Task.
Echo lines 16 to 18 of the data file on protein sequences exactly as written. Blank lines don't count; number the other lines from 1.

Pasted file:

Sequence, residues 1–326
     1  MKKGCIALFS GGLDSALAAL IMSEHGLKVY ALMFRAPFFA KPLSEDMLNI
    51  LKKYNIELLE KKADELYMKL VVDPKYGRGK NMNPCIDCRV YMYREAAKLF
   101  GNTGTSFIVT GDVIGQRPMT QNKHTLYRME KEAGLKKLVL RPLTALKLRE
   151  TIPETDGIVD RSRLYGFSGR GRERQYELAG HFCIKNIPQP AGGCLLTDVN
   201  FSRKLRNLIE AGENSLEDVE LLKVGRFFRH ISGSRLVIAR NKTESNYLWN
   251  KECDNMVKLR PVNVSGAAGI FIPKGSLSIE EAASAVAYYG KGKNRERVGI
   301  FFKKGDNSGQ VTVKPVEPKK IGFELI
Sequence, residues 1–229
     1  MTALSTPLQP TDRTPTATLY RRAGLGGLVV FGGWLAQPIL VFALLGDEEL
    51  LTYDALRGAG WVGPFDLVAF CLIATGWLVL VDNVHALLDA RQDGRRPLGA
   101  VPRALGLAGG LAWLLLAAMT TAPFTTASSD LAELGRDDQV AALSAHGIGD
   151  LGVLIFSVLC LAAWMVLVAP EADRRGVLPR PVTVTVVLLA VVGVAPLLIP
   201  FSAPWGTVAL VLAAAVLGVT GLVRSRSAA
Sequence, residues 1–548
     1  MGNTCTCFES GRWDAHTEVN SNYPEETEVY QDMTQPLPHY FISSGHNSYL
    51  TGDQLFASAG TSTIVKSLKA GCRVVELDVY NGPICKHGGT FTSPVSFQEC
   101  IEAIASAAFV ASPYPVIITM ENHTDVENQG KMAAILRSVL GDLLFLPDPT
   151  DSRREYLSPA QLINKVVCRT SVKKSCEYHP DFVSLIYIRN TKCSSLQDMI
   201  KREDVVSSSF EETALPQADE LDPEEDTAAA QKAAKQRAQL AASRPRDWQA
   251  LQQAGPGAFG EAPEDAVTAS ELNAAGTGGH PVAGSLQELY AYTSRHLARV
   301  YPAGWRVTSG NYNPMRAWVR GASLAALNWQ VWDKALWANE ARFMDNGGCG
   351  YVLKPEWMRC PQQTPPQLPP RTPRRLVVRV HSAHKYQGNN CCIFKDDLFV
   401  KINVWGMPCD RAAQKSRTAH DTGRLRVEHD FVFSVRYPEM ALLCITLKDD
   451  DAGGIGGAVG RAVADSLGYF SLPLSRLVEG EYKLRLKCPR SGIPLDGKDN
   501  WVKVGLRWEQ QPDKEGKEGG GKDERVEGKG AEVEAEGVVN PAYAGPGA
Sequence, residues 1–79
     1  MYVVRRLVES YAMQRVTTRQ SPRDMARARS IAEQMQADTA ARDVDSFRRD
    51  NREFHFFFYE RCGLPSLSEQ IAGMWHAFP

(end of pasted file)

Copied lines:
     1  MGNTCTCFES GRWDAHTEVN SNYPEETEVY QDMTQPLPHY FISSGHNSYL
    51  TGDQLFASAG TSTIVKSLKA GCRVVELDVY NGPICKHGGT FTSPVSFQEC
   101  IEAIASAAFV ASPYPVIITM ENHTDVENQG KMAAILRSVL GDLLFLPDPT